I'm not talking about whether our athletes should compete in the games. I guess by now it's obvious that Jimmy Carter did no one any good by barring the US athletes from going to the Moscow games in 1980. I'm also not going to talk about whether you should tune in to the games on your TV. Whether you do or not will make no difference to the ChiComs and their vicious, brutal dictatorship.
What I am interested in is the issue of going there to be a spectator. More generally, I'm interested in the ethics of tourism in a country with a seriously wicked government. More generally still, there is the issue of doing business in such countries. Tourism after all is business.
There are two arguments you hear most often, as in this article. On the one hand, trade supports peace, understanding, and change. Throughout history, when goods cross borders, so do ideas. If we stop communicating with the ChiComs, that will not make them more likely to take our ideas into consideration, but less so. On the other hand, when you enter such a country as a tourist, you will spend money there, and some of it will inevitably benefit the government. Believe me, these people are very good at converting potential sources of power into actual ones. We know this, because they are after all still securely in power after all these years.
It may be obvious from the way that I put them that I agree with both of these arguments. They are after all mutually consistent. Tourism in an oppressed country can have both positive and negative effects on oppression.
Our issue arises, really, because you never know for sure which effect is stronger. Did you go there? Maybe you made things worse! Did you stay out? Maybe going in would have helped make things better!
At a minimum, this means that if you do go, you have a moral obligation to take steps to enhance the chances that the anti-oppression effects of your activities outweigh the pro-oppression effects. What steps? Well, you have to deliberately bring about good effects and deliberately avoid bad ones.
If you do go to the Olympics, do not attend the opening ceremonies. To see why, rent the DVD of Olympia, Leni Riefenstahl's masterful documentary of the 1936 Berlin Olympics. Watch the opening ceremonies. See Hitler reviewing the athletes as they march past, saluting him. You'll be stunned to see the French team going the extra mile in showing respect, giving the Fuehrer the straight-armed Nazi salute. It's a movie viewing experience that I for one will never forget. Part of the function of these ceremonies is to honor your hosts. Systems like this one thrive on such honor, and feel it bitterly when it is withheld. Doesn't their recent behavior make this more obvious than ever? So withhold it.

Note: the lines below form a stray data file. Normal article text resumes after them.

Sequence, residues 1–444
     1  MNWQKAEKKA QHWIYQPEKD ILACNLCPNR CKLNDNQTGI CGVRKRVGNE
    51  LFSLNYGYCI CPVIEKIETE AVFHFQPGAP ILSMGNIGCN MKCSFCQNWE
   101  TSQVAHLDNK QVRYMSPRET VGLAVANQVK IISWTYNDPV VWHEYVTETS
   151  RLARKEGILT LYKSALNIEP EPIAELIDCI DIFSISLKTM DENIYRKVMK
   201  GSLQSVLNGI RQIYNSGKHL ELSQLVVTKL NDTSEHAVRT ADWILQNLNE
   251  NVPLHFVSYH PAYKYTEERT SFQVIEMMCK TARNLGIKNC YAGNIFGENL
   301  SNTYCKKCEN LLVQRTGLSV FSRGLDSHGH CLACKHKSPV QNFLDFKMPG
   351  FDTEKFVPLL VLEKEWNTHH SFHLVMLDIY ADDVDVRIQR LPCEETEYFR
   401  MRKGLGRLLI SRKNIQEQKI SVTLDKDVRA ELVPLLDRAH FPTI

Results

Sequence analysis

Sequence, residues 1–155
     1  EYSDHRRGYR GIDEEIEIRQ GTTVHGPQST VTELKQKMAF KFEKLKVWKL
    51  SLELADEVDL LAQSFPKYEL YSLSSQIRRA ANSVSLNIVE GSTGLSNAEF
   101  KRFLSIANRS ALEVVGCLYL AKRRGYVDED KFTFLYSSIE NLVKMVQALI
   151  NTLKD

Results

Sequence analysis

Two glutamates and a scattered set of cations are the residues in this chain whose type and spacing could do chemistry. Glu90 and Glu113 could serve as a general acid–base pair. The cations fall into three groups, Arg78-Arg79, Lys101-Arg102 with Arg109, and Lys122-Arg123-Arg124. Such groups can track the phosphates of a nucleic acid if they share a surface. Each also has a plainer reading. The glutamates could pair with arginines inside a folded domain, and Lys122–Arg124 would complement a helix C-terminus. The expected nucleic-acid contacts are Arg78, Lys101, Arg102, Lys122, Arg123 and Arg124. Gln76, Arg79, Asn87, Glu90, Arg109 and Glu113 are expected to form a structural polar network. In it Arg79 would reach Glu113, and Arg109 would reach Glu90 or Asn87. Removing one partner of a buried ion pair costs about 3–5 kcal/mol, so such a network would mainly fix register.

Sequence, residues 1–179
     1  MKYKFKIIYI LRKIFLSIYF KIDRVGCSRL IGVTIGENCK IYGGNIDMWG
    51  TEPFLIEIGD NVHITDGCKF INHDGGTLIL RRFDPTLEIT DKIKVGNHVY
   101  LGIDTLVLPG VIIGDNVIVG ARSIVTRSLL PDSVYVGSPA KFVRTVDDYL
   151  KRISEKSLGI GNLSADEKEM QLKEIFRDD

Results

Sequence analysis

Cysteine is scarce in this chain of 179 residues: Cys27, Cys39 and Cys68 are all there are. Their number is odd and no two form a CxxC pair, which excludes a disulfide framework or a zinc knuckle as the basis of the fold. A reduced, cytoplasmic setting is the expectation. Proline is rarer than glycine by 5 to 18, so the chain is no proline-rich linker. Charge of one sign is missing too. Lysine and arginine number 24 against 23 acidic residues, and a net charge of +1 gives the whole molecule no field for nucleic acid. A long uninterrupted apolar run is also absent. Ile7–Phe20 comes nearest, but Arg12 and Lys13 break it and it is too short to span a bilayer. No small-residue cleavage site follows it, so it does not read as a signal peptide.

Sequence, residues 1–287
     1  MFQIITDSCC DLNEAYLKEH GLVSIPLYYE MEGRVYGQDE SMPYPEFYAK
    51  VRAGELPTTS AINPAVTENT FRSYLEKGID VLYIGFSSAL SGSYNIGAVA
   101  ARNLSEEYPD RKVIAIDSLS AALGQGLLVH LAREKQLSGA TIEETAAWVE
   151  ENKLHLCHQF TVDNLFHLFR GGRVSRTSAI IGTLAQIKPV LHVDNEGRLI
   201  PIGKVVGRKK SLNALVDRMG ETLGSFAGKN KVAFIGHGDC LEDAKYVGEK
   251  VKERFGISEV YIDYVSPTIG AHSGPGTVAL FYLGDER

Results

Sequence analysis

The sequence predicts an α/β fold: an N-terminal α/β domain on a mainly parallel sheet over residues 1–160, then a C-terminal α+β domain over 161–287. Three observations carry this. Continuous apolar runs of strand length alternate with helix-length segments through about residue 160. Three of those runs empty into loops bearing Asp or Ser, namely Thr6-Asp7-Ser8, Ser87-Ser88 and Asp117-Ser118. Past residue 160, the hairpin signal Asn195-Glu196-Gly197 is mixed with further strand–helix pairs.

If there are dissident groups to which you can contribute, make a contribution.
Make sure that your contribution to the flow of ideas is positive. Many people have gone into countries like this and made the intellectual climate much worse. Beatrice and Sidney Webb, Joseph E. Davies, and Walter Duranty went to Russia and came back reporting that Comrade Stalin was a great humanitarian who was building a workers' paradise. The likely effect of their visits was to confirm the RussComs in their nasty ways, deepening and prolonging their oppressions.
Of course, it makes a difference where you spend your money while you are there. Some of the implication of this are obvious. Try to avoid spending it in ways that enhance the amount that gets into the hand of the government. Spend it in the private sector, if you can.
Here is another implication, one that is not so obvious. One of the functions of a system like this is to create a docile, easily-exploited work force. If you go there and simply pay the "market" price for labor (what market? the price of labor is artificially low -- that's the point!) then you are actually profiting from the system. Stealing, in fact. As long as you are dealing directly with a private service provider, then, pay extra. Tip big.
I'm sure there are other things you can do that I am just not clever enough to think of at the moment. The main point, though, is that you cannot go into a place like that and think that this is automatically a good thing. It just isn't. You ought to try to make it good.*
* Unlike the Prime Minister of England the Chancellor of Germany, the Prime Minister of Poland, and the President of the Czech Republic, George W. ("China's Bitch") Bush will be attending the opening ceremonies. Until he is responsible for something like the burning of Washington, CB will not have overtaken Jame Madison for the position of Worst President Ever, but it ain't over yet. He's inching closer and closer.